Quick facts

Common name: Horsetail, Mare’s Tail
Botanical name: Equisetum Arvense
Areas affected: Lawns, hard standings, waste land, open areas and gardens
Main causes: Spreads mainly via rhizomes or stem fragments and can push through tarmac
Timing: Seen in Spring and Summer; should be treated in late Summer

Legal Issues

There are no legal issues relating to Horsetail

Appearance

Horsetail is easily recognised by its vertical fir tree-like shoots that appear in Summer.

In Spring they appear as light brown stems, 20-50cm tall and in Summer, the green shoots develop into fir tree-like plants, 60cm tall.

The problem

It is common to see hard standings damaged by Horsetail growth.  This can occur when developers fail to identify and remove Horsetail during construction. This plant then reappears through newly laid driveways and footpaths causing costly damage.

Control

Non-chemical control
Eradication can be achieved via excavating the plant. This requires professional expertise to ensure that the entire rhizome is identified and removed. This is the preferred method for development sites to reduce the risk of subsequent hard standing damage post construction completion.

The use of root barriers can also be implemented to reduce spread.

Chemical control
Control can be achieved by professional application of suitable herbicides but the weed is hard to eradicate. The application of herbicides should be seen as a control measure and unlikely to achieve complete eradication.

Ragwort
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Ragwort (Senecio Jacobaea) is not usually a significant problem in gardens, but its poisonous qualities can make it a serious weed of paddocks and gardens backing onto fields grazed by horses or cattle.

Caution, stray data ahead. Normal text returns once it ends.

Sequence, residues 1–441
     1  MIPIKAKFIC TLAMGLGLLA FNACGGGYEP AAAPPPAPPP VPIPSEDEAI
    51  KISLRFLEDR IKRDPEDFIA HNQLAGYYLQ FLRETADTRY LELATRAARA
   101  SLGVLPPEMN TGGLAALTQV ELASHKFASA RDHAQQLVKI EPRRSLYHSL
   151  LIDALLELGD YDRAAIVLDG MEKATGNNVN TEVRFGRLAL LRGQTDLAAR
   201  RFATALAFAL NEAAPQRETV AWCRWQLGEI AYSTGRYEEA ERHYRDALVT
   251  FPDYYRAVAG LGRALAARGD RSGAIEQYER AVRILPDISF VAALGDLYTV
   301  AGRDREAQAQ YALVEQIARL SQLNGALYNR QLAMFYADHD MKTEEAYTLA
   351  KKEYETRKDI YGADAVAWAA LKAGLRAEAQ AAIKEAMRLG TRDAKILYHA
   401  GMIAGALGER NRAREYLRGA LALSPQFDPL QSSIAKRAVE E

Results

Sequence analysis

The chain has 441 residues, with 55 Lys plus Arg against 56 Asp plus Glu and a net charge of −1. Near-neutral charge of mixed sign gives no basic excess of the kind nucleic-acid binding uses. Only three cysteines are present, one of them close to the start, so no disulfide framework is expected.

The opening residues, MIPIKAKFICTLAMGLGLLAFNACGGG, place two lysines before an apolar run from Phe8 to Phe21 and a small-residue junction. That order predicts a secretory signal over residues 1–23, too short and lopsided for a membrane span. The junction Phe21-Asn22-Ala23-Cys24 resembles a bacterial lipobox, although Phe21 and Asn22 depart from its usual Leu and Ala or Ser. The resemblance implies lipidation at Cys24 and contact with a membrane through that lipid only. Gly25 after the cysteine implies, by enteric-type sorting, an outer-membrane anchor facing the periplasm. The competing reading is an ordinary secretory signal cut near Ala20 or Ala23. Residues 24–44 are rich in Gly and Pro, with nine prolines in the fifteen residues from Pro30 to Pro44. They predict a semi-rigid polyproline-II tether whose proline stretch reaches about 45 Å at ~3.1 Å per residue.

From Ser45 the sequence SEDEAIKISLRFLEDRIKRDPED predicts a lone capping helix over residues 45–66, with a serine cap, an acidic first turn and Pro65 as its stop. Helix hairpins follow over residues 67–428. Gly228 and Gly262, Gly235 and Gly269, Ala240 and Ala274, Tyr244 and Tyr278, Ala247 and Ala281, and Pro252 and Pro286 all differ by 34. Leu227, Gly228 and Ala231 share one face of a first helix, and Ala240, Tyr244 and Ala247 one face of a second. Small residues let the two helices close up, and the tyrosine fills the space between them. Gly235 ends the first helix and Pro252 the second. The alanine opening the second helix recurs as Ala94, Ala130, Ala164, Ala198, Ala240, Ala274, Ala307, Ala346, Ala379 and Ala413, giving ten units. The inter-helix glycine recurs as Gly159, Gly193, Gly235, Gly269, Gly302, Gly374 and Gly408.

Quick facts

Common name: Common Ragwort
Latin name: Senecio Jacobaea
Areas affected: Waysides, grazing land, farm land, and uncultivated ground
Main causes: Weed poisonous to cattle and horses
Timing: Seen from Spring to Autumn. Should be treated in late Spring or Autumn

Legal Issues

  • Common Ragwort is specified in The Weeds Act of 1959.
  • Under The Weeds Act, the Secretary of State may serve an enforcement notice on the occupier of land on which injurious weeds are growing, requiring the occupier to take action to prevent the spread of these weeds.  Responsibility for weed control rests primarily with the landowner.
  • Further information on a landowners responsibilities in regard to The Weeds Act can be found in the Department for Environment Food and Rural Affairs (DEFRA) leaflet “The Weeds Act 1959 – Preventing The Spread of Harmful Weeds”, which is available from DEFRA publications and also on the DEFRA website

What is Ragwort?

Ragworts (Senecio spp.) are poisonous weeds of which Senecio Jacobaea is the most common. It can become a major weed of waste or other uncultivated ground.

Appearance

Ragwort is a tall erect plant to 90cm with large flat-topped clusters of yellow daisy-like flowers from July to October. The plant is usually a biennial (living only two years and flowering in its second year).

The problem

Ragwort is rarely a problem in gardens but may occur in paddocks, railway embankments and areas of unimproved pasture. Cattle and horses are particularly susceptible to poisoning.

Common Ragwort produces large numbers of seeds which are dispersed by the wind.

Control

Non-chemical control
The main method is pulling or cutting the plants before they flower and set seed. Cut plants are still a serious risk to grazing animals and may still set seed. They should be removed and burnt.

Pulling is practical where weed numbers are low, but the benefit is only temporary. Roots remaining in the soil will give rise to new plants. Mechanical excavation is also an option but allowance for the seed bank is required.

Chemical control
Where non-chemical control methods are not feasible, chemical treatments maybe used however Environment Agency consent will have to be sought prior to chemical application to plants on riverbanks

No single herbicide application will completely eliminate a Ragwort infestation due to successive germinations of the weed. Treatment with selective herbicides can be made in the Spring but, as Ragwort is a biennial, control measures will have to be conducted for at least 2 years

To find out more about our Other Invasive Weed Solutions Solution speak to one of our team today on 0800-122-3326 or send us a message.